When you meet him, Jeffrey Tessein may seem to be an average student at the University of New Hampshire. However, Jeffrey has literally spent more time with his head “above the clouds” than most people, through his research in space physics. Before starting his first year in college, Jeffrey knew that he wanted to explore a career in the field of physics. He was first attracted to UNH because it had the largest physics department in the area, and was fairly close to his hometown of Concord, New Hampshire.
As a first year student, Jeffrey was interested in participating in research. He had heard positive things about it and the opportunities that were available at UNH. Although he had never done research before, he was very curious and motivated to start. In addition, he wanted to make the most out of his first summer as a college student. Jeffrey attended an undergraduate research fair, hosted by the Physics Department. At the fair he received a list of professors that were looking for assistance, and he began to contact them. One of these professors was Charles Smith, who hired Jeffrey despite his lack of experience. Dr. Smith, or Chuck as Jeffrey calls him, was impressed by Jeffrey’s solid academic performance his first year, but also because he had shown the initiative to seek out this opportunity.
Jeffrey started working on a NASA sponsored research project focused on developing a database of solar wind characteristics for use in magnetosphere storm studies. At first, he found that he was mainly doing simple, repetitive things. However, as his programming skills increased, he started taking on more complex tasks and a more prominent role in the study. Jeffrey has continued his involvement in this research throughout his career at UNH. In 2007, Jeffrey presented a poster on his work at UNH’s Undergraduate Research Conference Interdisciplinary Science and Engineering Symposium. That summer he also presented his poster at the National Solar Observatory in New Mexico. He enjoyed this experience because it exposed him to many different areas that he had no idea people researched. One of these topics was helioseismology, which is the study of changes in solar waves and gases that can tell scientists more about the conditions inside our sun. In the summer of 2008, Jeffrey will be working on a summer research project focusing on solar flares at the University of Colorado.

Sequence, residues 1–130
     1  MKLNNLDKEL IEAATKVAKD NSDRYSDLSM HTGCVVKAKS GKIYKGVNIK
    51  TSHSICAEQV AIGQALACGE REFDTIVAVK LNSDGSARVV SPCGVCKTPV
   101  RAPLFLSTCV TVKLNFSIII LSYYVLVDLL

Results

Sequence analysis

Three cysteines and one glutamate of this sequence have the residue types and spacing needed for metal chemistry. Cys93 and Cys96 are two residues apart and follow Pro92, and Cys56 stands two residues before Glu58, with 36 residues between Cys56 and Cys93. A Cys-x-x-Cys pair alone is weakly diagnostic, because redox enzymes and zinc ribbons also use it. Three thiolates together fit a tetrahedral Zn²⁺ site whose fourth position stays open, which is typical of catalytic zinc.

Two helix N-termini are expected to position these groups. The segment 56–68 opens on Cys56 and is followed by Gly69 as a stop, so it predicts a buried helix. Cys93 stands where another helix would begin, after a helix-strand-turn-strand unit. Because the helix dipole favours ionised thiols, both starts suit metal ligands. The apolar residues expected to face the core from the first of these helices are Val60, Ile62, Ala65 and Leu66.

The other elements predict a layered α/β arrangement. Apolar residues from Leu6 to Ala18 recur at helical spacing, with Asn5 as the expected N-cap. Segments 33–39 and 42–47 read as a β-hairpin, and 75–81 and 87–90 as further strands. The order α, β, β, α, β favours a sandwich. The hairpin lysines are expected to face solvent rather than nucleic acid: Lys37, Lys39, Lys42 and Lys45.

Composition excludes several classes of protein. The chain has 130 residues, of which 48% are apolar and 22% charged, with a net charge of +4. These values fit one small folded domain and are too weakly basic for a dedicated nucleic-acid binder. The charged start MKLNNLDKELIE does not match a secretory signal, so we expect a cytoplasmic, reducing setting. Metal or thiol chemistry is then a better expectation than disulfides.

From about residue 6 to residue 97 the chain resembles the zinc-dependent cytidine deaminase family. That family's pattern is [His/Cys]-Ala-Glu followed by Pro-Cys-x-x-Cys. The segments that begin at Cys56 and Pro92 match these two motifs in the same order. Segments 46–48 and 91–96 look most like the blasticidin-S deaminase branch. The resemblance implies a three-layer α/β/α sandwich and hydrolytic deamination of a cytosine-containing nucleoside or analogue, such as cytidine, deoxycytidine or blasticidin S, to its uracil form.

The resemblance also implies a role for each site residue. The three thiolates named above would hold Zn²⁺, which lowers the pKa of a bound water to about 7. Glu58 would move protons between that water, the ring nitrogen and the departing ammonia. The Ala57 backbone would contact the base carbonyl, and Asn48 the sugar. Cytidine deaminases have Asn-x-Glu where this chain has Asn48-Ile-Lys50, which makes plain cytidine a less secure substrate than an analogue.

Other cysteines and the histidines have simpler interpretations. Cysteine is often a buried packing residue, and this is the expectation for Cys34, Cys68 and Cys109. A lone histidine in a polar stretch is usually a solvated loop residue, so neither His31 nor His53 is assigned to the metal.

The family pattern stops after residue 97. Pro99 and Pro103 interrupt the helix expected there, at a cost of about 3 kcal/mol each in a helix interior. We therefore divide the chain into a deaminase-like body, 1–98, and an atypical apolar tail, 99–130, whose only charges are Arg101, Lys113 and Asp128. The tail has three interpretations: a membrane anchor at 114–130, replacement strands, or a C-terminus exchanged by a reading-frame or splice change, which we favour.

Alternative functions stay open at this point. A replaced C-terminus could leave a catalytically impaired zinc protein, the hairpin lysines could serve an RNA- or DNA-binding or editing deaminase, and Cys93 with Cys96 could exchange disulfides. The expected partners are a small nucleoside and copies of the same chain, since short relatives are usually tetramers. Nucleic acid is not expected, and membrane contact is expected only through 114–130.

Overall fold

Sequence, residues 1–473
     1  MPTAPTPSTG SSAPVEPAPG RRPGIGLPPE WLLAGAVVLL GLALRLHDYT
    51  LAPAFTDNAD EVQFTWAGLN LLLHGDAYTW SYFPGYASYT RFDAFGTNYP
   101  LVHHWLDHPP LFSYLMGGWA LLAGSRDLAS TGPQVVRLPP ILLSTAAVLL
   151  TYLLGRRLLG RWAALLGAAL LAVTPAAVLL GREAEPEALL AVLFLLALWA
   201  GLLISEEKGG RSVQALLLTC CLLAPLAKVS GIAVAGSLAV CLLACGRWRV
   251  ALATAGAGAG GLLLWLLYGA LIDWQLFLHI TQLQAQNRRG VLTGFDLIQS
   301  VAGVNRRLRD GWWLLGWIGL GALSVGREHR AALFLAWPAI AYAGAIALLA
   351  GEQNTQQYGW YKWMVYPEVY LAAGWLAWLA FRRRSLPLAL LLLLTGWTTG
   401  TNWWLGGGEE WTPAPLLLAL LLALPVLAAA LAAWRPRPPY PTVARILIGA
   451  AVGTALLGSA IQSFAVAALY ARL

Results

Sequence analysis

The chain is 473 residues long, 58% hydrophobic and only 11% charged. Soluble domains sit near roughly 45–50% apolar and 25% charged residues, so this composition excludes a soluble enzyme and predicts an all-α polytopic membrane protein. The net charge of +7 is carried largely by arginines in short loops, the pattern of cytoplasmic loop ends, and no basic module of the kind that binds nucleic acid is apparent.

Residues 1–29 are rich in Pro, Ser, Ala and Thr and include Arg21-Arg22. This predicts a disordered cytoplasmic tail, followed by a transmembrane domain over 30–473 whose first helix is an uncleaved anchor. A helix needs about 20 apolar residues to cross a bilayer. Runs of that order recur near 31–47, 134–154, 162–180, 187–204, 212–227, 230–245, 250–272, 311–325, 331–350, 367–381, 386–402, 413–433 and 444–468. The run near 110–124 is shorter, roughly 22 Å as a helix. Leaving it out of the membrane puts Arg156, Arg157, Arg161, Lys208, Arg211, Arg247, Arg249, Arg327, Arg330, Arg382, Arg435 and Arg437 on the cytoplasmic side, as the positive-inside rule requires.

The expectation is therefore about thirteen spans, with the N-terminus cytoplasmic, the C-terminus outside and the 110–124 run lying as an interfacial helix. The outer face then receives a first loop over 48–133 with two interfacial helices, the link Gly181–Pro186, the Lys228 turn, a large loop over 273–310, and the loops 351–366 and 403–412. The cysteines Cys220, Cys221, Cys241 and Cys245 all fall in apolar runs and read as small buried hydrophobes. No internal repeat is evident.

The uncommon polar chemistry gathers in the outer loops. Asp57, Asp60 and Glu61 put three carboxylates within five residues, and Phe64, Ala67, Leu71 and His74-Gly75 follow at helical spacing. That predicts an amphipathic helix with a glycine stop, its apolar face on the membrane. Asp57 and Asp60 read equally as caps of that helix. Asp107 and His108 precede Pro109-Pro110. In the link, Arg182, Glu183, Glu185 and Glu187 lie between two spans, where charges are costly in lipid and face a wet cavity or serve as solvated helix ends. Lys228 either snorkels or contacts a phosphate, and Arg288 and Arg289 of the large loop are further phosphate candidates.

In addition to his extensive experience in research, Jeffrey likes to be active outside the classroom and laboratory. Although he is very dedicated to his challenging coursework and academic commitments, Jeffrey found the time to play trombone in the UNH Pep Band. One of his favorite memories of UNH is traveling to Minneapolis, Minnesota to play at the Women’s Frozen Four hockey tournament during his first year. Jeffrey also likes to snowboard, which he has done since he moved from Texas to New Hampshire at age eleven. He enjoys hiking in the White Mountains, and once went eighteen miles in a single day!
In the future, Jeffrey plans to attend graduate school for physics. He would like to continue to contribute to research in space physics, particularly space weather and solar flares. When asked what advice he would give to incoming students, he said “If there’s something you want to do, just do it, even if it seems unreasonable or difficult. Make an effort to accomplish everything you want in life.” Through his talent and determination, Jeffrey has made the most of his time at UNH. He has prepared himself for a future as bright as the solar flares he studies.